The Q&A Archives: Peony Thrips

Question: I have had success with peonies for many years. However, for the past few years the plants get buds on them but the buds never open. This is especially a problem on the white and pale pink plants. Are the ants I see on the buds causing the problem?

Answer: Ants don't cause any harm to the buds -- they are simply drawn to the sweet droplets of moisture exuded by the buds. Your peonies may have a fungal disease, but my guess is that they are infested with thrips -- tiny insects that burrow into buds and drink their juices. Thrips are especially a problem on light-colored blooms, and not just peonies. They also damage roses, hollyhocks, and gladiolas, among others.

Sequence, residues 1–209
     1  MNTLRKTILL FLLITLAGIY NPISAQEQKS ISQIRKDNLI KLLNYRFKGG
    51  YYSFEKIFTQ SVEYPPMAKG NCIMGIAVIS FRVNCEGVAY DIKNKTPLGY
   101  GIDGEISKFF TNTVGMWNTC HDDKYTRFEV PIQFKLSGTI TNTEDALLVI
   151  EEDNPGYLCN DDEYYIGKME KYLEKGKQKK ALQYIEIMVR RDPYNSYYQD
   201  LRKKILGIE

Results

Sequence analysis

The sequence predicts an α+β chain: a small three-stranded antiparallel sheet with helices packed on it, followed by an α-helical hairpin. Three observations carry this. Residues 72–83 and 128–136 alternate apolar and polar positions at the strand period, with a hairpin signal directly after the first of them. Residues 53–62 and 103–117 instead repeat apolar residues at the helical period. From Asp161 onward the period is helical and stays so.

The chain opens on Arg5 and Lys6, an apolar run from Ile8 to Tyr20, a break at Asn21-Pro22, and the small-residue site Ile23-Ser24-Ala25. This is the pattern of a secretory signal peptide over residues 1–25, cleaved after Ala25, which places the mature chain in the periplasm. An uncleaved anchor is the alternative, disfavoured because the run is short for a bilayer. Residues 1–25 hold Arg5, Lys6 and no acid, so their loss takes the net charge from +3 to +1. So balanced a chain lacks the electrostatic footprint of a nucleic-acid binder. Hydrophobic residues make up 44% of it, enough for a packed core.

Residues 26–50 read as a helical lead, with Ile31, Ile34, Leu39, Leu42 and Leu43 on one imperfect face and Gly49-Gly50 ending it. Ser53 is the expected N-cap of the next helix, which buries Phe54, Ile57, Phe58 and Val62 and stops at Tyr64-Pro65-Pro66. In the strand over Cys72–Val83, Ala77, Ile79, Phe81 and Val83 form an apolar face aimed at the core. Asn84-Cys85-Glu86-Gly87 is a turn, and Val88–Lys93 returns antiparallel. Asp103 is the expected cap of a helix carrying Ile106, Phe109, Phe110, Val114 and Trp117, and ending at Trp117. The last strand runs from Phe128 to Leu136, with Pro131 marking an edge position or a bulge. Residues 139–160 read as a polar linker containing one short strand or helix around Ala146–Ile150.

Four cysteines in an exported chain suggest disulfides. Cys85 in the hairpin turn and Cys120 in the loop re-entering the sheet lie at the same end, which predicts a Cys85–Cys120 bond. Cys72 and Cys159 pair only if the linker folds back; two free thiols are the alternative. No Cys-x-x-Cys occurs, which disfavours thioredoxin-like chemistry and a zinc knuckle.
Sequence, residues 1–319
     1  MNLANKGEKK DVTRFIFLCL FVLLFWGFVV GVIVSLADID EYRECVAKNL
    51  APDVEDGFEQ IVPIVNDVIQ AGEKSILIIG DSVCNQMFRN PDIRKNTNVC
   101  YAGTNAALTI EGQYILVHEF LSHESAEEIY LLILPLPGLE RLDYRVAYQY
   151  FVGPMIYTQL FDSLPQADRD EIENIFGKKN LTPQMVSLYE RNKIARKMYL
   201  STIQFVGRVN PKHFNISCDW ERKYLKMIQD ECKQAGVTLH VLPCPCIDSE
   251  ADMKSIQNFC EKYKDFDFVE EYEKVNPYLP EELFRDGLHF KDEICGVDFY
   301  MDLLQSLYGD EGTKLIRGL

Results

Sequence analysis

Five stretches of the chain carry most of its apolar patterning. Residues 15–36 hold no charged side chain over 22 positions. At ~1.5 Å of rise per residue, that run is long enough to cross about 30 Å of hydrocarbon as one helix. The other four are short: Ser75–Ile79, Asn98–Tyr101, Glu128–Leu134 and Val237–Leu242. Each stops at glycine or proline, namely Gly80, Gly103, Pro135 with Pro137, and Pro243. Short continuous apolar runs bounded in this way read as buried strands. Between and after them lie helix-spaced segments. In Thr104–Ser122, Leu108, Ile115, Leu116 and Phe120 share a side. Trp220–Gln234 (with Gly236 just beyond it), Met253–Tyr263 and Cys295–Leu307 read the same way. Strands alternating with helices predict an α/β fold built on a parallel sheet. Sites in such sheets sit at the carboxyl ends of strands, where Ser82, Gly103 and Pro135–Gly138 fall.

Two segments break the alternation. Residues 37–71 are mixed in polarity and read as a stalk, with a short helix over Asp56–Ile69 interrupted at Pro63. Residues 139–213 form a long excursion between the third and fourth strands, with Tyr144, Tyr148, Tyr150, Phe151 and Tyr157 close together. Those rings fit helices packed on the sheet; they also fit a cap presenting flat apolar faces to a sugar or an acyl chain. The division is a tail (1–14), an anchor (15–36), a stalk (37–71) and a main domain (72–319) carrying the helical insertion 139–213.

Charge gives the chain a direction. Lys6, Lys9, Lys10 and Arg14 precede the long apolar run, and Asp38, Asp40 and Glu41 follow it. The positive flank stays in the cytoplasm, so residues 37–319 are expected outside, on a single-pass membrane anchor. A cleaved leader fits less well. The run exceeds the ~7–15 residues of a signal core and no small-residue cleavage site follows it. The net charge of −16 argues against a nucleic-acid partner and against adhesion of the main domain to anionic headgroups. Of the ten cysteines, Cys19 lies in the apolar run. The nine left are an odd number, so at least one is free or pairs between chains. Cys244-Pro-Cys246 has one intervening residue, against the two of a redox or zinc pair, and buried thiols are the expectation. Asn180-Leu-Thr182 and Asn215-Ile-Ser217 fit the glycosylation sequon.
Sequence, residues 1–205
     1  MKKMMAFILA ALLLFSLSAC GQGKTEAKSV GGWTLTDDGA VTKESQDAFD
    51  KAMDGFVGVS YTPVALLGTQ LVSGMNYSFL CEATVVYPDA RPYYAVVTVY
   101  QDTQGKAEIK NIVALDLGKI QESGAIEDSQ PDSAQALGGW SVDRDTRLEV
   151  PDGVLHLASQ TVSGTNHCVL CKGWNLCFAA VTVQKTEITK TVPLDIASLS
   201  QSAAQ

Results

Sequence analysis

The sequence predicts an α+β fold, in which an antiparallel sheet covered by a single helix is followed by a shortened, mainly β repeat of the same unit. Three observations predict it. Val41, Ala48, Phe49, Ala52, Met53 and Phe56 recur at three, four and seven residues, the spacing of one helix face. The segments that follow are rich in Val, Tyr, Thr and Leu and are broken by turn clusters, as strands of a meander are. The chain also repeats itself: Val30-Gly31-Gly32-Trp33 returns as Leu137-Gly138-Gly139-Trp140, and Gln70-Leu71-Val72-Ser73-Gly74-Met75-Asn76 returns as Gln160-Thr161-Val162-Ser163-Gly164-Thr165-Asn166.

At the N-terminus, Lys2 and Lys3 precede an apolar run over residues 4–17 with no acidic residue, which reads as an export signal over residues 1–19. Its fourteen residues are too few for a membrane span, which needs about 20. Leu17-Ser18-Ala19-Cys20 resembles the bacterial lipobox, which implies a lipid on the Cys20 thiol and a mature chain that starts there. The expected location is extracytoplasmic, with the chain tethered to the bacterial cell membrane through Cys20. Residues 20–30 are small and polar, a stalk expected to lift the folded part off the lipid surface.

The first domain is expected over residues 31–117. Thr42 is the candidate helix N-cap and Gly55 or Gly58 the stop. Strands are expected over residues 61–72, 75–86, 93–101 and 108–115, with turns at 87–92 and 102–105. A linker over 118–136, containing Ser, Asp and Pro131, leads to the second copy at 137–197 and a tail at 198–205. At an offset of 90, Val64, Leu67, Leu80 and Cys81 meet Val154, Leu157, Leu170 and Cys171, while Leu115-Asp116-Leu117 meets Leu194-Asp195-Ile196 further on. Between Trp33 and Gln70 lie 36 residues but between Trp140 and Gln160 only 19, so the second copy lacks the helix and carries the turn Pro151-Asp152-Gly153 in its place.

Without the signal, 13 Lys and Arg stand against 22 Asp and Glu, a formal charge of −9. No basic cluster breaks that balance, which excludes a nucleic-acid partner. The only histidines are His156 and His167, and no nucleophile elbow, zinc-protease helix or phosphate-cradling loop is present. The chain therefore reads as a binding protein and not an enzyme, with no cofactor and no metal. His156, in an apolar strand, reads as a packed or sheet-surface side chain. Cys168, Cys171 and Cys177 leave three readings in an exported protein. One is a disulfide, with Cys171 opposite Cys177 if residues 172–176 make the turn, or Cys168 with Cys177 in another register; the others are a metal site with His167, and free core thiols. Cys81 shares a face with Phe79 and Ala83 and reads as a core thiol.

If you have any of the fallen buds, take a closer look to see if you can identify the symptoms of thrips -- pale, desiccated tissue and dark fecal matter. The bugs themselves are hard to see because they're tiny, and the adults flit away as you approach. You can control thrips by applying insecticidal soap sprays frequently to the unopened buds. A neem-based repellent may also work to keep the thrips at bay. Thrips usually attack plants that are drought-stressed. If your peonies are growing in a well-drained, sandy soil, add some compost to the area, keep them mulched and well watered. Add a fresh layer of compost every spring. During the summer, spritz them monthly with a seaweed fertilizer solution to keep them growing vigorously.

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